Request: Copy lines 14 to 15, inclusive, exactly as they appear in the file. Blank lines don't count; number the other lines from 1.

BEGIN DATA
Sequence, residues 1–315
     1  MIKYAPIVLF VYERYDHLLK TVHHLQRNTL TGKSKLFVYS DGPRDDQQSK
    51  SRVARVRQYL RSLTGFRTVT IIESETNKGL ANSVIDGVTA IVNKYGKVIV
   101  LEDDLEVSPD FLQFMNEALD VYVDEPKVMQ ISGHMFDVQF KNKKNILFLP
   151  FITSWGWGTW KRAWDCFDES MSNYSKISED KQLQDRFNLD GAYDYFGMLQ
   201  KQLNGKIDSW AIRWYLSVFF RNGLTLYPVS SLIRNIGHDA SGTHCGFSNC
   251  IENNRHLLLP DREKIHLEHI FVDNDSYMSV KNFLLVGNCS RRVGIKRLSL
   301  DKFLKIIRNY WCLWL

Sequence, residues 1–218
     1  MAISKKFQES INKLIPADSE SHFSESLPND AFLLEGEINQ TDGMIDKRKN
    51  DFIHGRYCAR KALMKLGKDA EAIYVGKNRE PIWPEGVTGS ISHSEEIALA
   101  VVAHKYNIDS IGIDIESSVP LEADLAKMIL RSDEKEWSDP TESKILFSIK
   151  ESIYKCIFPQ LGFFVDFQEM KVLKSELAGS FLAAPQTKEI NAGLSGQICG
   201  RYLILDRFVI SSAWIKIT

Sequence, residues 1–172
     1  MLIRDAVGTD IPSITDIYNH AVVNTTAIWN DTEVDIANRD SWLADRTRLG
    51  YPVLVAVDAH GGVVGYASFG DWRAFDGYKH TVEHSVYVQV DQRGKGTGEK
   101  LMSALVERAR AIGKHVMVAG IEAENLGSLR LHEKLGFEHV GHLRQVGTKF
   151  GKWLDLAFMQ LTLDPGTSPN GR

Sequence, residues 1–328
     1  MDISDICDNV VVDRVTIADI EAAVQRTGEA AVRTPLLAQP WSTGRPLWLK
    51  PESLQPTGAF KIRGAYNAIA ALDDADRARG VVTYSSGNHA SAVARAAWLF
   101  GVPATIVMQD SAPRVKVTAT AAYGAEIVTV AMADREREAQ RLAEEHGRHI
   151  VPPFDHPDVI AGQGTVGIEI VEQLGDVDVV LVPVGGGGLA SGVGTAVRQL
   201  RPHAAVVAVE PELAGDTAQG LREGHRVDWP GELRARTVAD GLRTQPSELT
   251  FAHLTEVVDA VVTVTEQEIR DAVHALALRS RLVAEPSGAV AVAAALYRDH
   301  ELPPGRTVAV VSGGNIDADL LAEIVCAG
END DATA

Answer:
   201  RYLILDRFVI SSAWIKIT

Sequence, residues 1–172